Now we would like to show that the output of the first round of the decryption process is equal to
a 32-bit swap of the input to the sixteenth round of the encryption process. First, consider the
encryption process. We see that

LE16 = RE15

RE16 = LE15 x F(RE15 , K                      16   )


                                                                        [Page 72]

On the decryption side,

LD    1   = RD0 = LE16 = RE15

RD1 = LD0 x F(RD0 , K                    16   )

= RE16 x F(RE15 , K                 16   )

= [LE 15 x F(RE15 , K               16   )] x F(RE15 , K       16   )

The XOR has the following properties:

[A x B ] x C = A x [B x C ]

DxD=0

Ex0=E

Thus, we have LD 1 = RE15 and RD1 = LE15 . Therefore, the output of the first round of the
decryption process is LE15 ||RE15 , which is the 32-bit swap of the input to the sixteenth round of
the encryption. This correspondence holds all the way through the 16 iterations, as is easily
shown. We can cast this process in general terms. For the i th iteration of the encryption
algorithm,

LEi = REi-1

REi =LEi        -1   x F(REi   -1   , Ki)

Rearranging terms,

REi   -1   = LEi

LEi   -1   = REi x F(REi        -1   ,K       i2   = REi x F(LEi , K i )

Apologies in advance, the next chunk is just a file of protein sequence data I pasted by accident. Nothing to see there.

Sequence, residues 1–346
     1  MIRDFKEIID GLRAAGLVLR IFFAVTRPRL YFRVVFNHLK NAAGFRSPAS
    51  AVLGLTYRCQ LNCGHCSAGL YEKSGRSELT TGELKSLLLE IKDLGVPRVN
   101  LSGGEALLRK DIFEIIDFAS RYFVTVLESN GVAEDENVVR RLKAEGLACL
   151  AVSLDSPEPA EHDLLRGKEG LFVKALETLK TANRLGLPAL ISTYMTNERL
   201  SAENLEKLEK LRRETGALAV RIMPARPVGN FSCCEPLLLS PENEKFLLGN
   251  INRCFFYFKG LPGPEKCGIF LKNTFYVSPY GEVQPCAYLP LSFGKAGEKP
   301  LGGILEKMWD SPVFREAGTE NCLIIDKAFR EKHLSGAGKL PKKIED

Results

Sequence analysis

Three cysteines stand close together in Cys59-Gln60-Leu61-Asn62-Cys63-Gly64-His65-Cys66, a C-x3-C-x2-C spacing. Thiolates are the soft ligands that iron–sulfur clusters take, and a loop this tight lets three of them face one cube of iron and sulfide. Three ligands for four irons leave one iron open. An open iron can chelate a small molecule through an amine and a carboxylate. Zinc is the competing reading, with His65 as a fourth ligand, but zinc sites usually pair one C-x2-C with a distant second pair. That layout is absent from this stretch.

Thus, we have described the inputs to the i th iteration as a function of the outputs, and these
equations confirm the assignments shown in the right-hand side of Figure 3.3 .

Finally, we see that the output of the last round of the decryption process is RE0 ||LE0 . A 32-bit
swap recovers the original plaintext, demonstrating the validity of the Feistel decryption process.

Note that the derivation does not require that F be a reversible function. To see this, take a
limiting case in which F produces a constant output (e.g., all ones) regardless of the values of its
two arguments. The equations still hold.
                                                     [Page 72 (continued)]



3.2. The Data Encryption Standard
The most widely used encryption scheme is based on the Data Encryption Standard (DES)
adopted in 1977 by the National Bureau of Standards, now the National Institute of Standards
and Technology (NIST), as Federal Information Processing Standard 46 (FIPS PUB 46). The
algorithm itself is referred to as the Data Encryption Algorithm (DEA). [6] For DES, data are
encrypted in 64-bit blocks using a 56-bit key. The algorithm transforms 64-bit input in a series of
steps into a 64-bit output. The same steps, with the same key, are used to reverse the
encryption.
     [6] The terminology is a bit confusing. Until recently, the terms DES and DEA could be used interchangeably. However, the
     most recent edition of the DES document includes a specification of the DEA described here plus the triple DEA (TDEA)